Best Wishes - India should build on the gains from the recent P5 visits
Amb Kanwal Sibal

Much has been made of the fact that leaders of all the permanent five member countries of the United Nations security council have visited India in 2010 in quick succession. This degree of bilateral attention to India within a short span of time may be unprecedented, but its significance should not be overstated. India’s international stature has no doubt grown in recent years, largely on account of its economic performance. The P5 visits do show a desire to engage more with a rising India, but over-interpreting the happy coincidence of the clustering of these visits in a single year as a sudden collective surge on the part of the great powers to acknowledge India’s global importance should be avoided. Nor should the timing of these visits be seen as a direct product of India’s enterprising diplomacy. In 2011, any visit by a P5 head of State or government to India should be ruled out as it will be our prime minister’s turn to make return visits, not necessarily to all these countries as diplomatic calendars have their own dynamics. But then, would the absence of such visits in 2011 imply a sudden loss of India’s global status as well as its diplomatic prowess?

Barring China, all visiting leaders gave us satisfaction in varying degrees on some issues of importance to us. On terrorism and its linkages with Pakistan, the United States of America, France, the United Kingdom and Russia have been chary of specifically naming Pakistan as a source of terrorist threat to India. The tendency has been to project Pakistan as a part of the solution rather than a part of the problem, make believe that it is on the right side of the debate as a victim of terrorism and to keep official silence on its terrorist affiliations in the Indian context.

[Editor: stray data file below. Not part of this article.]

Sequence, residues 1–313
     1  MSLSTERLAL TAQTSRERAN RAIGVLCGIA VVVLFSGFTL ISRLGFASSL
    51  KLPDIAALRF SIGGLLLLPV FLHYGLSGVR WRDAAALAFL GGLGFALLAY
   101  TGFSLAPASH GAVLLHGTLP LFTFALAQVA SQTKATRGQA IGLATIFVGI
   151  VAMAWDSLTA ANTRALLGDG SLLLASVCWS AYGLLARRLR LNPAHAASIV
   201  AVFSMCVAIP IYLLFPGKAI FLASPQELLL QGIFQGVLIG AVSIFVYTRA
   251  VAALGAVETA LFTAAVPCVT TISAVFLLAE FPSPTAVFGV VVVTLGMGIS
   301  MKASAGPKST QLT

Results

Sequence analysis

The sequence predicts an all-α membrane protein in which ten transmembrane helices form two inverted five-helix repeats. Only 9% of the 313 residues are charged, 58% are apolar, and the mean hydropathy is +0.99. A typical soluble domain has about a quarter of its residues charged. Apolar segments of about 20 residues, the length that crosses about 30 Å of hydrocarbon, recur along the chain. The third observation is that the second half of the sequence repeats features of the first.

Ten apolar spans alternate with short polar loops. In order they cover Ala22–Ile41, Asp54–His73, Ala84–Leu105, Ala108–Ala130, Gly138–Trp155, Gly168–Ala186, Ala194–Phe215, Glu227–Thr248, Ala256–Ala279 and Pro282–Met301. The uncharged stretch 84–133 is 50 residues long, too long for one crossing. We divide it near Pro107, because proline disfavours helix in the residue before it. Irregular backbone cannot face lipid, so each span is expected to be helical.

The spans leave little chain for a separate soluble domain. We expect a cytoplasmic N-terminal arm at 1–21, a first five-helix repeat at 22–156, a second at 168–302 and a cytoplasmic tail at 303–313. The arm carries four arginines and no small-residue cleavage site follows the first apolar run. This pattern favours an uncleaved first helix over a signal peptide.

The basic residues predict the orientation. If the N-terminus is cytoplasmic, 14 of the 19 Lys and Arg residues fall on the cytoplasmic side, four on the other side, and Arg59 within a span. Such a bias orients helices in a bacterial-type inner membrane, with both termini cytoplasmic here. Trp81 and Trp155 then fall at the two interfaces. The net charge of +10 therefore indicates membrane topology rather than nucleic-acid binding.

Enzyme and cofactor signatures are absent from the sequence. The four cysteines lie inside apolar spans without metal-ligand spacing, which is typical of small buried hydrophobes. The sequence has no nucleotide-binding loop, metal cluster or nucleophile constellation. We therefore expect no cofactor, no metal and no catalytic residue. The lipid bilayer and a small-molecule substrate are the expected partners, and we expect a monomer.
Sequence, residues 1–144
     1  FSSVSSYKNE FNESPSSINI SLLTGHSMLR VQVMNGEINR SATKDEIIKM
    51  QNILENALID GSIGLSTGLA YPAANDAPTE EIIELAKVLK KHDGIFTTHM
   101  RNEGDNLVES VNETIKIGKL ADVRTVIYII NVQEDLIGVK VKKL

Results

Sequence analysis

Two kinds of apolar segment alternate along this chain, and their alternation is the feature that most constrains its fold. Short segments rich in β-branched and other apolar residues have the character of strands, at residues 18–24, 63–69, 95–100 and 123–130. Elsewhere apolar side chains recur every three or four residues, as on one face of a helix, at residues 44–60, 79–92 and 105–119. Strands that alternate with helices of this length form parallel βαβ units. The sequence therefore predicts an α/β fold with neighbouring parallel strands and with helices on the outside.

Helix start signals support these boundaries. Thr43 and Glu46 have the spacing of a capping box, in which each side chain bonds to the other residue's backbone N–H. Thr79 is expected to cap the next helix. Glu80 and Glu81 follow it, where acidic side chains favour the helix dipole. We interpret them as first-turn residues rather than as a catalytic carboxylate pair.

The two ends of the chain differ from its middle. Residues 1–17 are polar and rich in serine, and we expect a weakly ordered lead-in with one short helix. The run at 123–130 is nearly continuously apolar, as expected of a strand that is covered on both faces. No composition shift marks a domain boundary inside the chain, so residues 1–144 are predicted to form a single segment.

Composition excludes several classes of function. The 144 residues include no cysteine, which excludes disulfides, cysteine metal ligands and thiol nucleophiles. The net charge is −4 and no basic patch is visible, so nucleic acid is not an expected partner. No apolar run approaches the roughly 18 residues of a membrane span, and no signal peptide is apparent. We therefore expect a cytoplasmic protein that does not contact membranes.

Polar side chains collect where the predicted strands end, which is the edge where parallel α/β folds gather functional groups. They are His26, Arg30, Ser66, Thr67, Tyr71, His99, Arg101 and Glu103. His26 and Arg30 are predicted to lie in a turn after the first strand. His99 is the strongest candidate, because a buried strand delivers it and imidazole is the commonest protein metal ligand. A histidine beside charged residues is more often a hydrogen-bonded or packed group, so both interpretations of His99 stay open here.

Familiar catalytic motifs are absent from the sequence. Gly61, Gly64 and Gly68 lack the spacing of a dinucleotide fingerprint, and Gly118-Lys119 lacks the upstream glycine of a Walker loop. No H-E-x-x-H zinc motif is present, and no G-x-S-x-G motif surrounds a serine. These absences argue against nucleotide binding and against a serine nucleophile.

Prime Minister David Cameron breached this inhibition by pointing to Pakistan’s double face toward terrorism. President Barack Obama disappointed by confining himself to known US positions in referring to terrorist safe havens in Afghanistan and calling for those responsible for the Mumbai attack to be brought to justice. The bolder statements came from the French and Russian presidents, with the former stating incisively that no one has imposed on Pakistan the choice to be “either a victim or a crucible of terrorism” and calling for the “perpetrators, authors and accomplices” of Mumbai to be brought to justice. The Russians have been, until now, unwilling to publicly chide Pakistan for its terrorist links, possibly because they want to keep their lines with Pakistan open, avoid raising the Cold War era concerns that Russia was taking sides in South Asia, and refrain from causing anxiety to the US by targeting a country critical for US operations in Afghanistan. President Dmitry Medvedev went a step ahead of the French president in stating that those who harboured terrorists on their soil were as guilty of terrorism as those who perpetrated such acts. He too called on Pakistan to comprehensively deal with those involved in the Mumbai carnage. No wonder Pakistan has called the relevant part of the India-Russia joint statement “unwarranted and unacceptable”.

The new willingness to be less squeamish about Pakistan’s terrorism links helps to corner it and squeeze its ability to manoeuvre, though the hardened Pakistani leadership has weathered more frontal charges of duplicity by US political and media circles by hunting with the Pentagon hounds and running with the Taliban hares. Premier Wen Jiabao, who in Delhi avoided expressing sympathy for the Mumbai victims that all other leaders made a point to do, felt no qualms about comforting Pakistan in Islamabad by lauding its role in combating terrorism, demonstrating again the cynicism of China’s foreign policy.